He will help us do it. Here are a couple of more things. God wants us to stay open to his movements. To be open to the new wine and the new wineskins. The Pharisees and John’s disciples were locked up a bit. They were missing God’s heart for people. What was God’s ultimate innovation? Because they missed that one, too. God’s ultimate innovation was his only son. They were missing things. Jesus said, you’re not seeing it. You’re not seeing it. You’re missing the marvelous thing that God is doing in your midst. I remembered a verse, a passage, I had someone share it this morning with me. They didn’t even know it was going to be in the message. This is from Isaiah 43.
“Remember not the former things.” There it is again. Moses is dead. “Nor consider the things of old. Behold I am doing a new thing. Now it springs forth. Do you not perceive it? I will make a way in the wilderness. I will bring rivers into the desert.” That needs to be added on the very bottom of that as well. Rivers in the desert, but away in the wilderness and rivers in the desert. How good is that? That was a specific word for Israel not to get caught up in their past. Again, stagnation is a real issue. When Jesus came onto the scene, God was doing a new thing. That’s what Jesus was saying. “Do you not perceive it? Do you not perceive it?”
Another thing, God wants us to push forward, and again, I don’t know which one of these is going to most connect with you. You decide. You hear the Lord, but I appeal to you in the name of Jesus to look at your life and think good thoughts, deep thoughts, real thoughts, and engage in the word. God wants us to push forward unafraid of new things. Some of us are too afraid by change and we find it intimidating. Others of us, we change too much. We are always changing. Do you understand? There’s a time to change and there’s a time to hold. Some of us are prone to getting stuck and we don’t like change at all. God’s saying, be not afraid. Be strong, be courageous. Don’t be afraid of new things. New things are what I do. Others of us? We’re changing all the time. We have a hard time staying with things. We become reckless. We’re here, now I’m over there. I’m over here, there.
Organizationally, personally, and relationally, that can happen to us. Where do we play out here? Are we a person? Again, I think about these three things, organizationally, relationally, and spiritually. How do we tend to do things? Do we tend to be open to new things? Is that a weakness for us? Do we have a hard time with that, or is our weakness that we have a hard time staying with something? We’re great at starting something but hard at sustaining it. We lose our interest. We can’t stick it out. Thank God, Jesus finished. “I have accomplished the work that you sent me for as he set his face towards Jerusalem.” On the cross, “It is finished.”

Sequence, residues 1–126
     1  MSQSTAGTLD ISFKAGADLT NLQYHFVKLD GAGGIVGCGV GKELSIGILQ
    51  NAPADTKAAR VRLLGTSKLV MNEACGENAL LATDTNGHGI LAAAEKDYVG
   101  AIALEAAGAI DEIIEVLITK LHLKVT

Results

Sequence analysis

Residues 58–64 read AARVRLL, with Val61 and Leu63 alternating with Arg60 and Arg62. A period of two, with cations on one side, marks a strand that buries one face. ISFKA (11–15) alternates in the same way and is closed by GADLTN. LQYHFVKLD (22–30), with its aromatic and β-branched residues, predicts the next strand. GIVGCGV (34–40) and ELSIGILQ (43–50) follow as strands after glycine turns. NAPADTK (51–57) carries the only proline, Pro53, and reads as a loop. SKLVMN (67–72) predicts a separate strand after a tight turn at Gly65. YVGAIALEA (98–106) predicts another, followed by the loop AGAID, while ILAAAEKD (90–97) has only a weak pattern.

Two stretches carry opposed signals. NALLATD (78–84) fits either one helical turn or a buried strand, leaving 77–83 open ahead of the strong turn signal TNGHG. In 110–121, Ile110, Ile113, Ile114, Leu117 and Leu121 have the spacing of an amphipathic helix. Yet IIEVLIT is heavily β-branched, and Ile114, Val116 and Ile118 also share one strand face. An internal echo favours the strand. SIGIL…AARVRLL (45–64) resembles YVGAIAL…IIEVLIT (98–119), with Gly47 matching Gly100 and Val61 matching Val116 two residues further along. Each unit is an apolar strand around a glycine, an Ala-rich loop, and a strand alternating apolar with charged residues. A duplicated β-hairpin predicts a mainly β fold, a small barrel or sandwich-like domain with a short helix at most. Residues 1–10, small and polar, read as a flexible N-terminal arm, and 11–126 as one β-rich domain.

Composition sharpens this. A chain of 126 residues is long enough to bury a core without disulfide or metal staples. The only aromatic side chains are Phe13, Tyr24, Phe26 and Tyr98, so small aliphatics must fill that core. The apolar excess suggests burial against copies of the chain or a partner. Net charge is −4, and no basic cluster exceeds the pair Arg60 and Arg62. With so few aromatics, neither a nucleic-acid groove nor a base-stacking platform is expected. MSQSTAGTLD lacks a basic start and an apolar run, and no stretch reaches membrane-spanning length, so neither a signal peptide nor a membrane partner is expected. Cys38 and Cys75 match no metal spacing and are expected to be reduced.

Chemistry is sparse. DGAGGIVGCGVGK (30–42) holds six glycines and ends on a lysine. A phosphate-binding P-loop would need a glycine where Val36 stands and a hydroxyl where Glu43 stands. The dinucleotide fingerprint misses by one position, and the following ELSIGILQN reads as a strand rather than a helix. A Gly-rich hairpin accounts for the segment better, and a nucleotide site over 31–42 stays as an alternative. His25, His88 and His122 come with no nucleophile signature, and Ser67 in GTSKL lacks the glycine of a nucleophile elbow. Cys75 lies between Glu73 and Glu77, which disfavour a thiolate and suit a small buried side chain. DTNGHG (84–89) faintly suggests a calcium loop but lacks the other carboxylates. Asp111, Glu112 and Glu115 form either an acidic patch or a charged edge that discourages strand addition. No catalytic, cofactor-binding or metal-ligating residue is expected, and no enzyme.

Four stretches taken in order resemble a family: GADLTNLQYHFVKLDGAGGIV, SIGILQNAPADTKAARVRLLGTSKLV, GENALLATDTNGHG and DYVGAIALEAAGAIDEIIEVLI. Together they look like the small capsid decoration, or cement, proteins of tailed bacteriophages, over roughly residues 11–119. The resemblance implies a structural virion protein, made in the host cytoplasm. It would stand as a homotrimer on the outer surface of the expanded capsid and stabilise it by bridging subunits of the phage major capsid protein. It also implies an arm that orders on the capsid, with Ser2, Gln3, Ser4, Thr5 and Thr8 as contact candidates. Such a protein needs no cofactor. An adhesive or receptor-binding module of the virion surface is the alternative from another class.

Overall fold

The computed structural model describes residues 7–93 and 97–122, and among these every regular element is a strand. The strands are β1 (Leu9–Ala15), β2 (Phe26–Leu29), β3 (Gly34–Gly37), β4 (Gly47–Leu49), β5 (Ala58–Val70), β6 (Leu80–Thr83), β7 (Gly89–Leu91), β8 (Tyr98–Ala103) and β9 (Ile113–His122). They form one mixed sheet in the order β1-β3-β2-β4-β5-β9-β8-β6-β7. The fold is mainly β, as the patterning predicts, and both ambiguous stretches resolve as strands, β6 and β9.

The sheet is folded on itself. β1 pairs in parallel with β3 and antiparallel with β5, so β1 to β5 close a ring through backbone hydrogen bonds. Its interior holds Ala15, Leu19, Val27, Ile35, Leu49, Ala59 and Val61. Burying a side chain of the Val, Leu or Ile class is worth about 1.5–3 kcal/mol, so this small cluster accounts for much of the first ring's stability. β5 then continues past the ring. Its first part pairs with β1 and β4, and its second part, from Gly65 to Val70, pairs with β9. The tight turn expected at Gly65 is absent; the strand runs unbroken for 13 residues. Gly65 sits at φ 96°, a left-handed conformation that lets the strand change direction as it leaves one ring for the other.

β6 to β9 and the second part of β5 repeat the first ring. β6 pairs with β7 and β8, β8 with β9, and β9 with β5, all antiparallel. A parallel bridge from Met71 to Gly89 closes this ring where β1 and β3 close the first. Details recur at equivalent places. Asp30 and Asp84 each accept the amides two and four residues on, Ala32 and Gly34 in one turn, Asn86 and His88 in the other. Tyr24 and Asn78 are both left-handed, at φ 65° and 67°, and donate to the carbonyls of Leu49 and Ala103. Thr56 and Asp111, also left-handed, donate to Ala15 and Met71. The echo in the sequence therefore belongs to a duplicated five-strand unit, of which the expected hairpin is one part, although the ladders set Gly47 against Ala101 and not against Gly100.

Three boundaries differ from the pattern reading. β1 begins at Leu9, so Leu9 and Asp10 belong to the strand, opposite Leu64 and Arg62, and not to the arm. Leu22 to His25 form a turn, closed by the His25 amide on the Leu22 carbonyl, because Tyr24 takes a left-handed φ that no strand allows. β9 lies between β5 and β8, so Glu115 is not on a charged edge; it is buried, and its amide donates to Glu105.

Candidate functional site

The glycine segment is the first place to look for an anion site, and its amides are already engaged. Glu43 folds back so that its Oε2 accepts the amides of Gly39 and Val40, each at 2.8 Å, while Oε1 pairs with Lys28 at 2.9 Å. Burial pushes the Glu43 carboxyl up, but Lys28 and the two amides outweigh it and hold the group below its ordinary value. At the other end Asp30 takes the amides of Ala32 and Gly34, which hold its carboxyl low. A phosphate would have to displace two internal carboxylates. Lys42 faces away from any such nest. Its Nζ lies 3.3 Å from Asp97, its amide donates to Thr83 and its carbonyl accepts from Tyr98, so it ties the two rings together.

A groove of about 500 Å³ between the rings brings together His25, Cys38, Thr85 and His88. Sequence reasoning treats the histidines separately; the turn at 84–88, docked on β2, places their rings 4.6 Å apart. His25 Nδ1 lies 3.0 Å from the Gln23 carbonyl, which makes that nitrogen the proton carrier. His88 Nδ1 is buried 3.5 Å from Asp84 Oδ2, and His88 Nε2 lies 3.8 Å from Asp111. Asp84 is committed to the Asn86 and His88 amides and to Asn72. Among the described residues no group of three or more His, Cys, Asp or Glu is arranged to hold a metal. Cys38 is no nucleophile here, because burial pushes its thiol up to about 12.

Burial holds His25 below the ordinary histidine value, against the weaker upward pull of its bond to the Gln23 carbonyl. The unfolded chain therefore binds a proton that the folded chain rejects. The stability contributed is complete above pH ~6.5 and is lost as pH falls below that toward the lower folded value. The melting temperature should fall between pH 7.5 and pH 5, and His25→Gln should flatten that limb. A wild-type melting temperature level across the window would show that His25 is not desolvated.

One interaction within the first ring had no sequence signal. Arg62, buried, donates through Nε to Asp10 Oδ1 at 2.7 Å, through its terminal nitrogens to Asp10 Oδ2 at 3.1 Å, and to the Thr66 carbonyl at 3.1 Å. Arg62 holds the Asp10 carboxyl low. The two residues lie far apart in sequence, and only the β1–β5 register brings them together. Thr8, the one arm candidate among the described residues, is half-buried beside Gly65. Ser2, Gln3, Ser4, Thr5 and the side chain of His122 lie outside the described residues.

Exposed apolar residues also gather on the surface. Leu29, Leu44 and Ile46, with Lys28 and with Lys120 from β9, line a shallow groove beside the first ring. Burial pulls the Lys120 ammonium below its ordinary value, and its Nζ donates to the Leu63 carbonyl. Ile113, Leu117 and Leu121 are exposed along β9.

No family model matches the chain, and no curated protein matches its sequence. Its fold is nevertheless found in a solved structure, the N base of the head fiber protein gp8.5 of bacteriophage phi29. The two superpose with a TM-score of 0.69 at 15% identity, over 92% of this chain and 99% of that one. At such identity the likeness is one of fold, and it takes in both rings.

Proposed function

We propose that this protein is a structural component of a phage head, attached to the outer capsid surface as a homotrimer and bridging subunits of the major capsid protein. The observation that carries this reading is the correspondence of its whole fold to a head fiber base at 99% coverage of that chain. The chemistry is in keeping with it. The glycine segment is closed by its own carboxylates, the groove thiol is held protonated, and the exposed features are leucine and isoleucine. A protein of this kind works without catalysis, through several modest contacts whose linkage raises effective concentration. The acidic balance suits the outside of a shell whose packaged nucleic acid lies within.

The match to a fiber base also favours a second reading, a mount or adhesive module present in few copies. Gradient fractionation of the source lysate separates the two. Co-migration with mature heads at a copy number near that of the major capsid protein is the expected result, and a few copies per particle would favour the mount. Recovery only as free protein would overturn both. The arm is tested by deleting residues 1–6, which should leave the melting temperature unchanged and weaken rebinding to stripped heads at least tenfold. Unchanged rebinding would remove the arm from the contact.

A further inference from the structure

Some things need to be finished. Jesus clearly saw a need for shifting paradigms though, for flexibility, adaptability. I talked about the value of openness and change. Again, not in a reckless or thoughtless way. Some things Jesus would never change. Matthew, for example, would be asked to adapt to the way of Christ and not vice versa. He was going to have to leave, it’s true, not his friends, but some of his past ways had to get left behind. He was going to move forward with a new thing Jesus wanted him to do. Here’s the thing. God wants to do new things in and through us. In and through us. This to me speaks of new things He wants to work at two levels. One, He wants to work things this year. Who knows? This is another great question to probe. Is the priority of this year supposed to be inside?
Character development, alignment, acquisition of understanding, and the ability to apply it. The Bible calls that wisdom. Is this a year of gaining understanding of His words? Let that linger a bit, that statement up there? Is it a time for interior work in the weeks to come? We might talk about interior things. Or is it a year that God is saying, I want you to push out? I have things I want to do through you. I have things I want to do through you at work. Or I have things that I want to do through you in terms of serving. I don’t know the answer to it. I don’t know where the accent’s supposed to go. These are things for us to explore, to pray together, to talk together, to think, to walk, to talk, to think, to listen to our lives, through the lens of what the Lord is saying.
Remember, it’s just a way of life. It’s dynamic. It’s not stagnant. I’ll tell you what it also reminds me of. An In and Out burger, just because of in and out, in and out. So every time maybe for the next few times you go to In and Out, what is God trying to work in? What is he trying to work out? Oh, that crazy pastor Terry said in and out, now I can’t ever stop thinking about it when I eat this burger. What is God trying to work on the inside? What is he trying to work out? Where’s the emphasis? A last one. God wants us to implement new practices, a new anointing.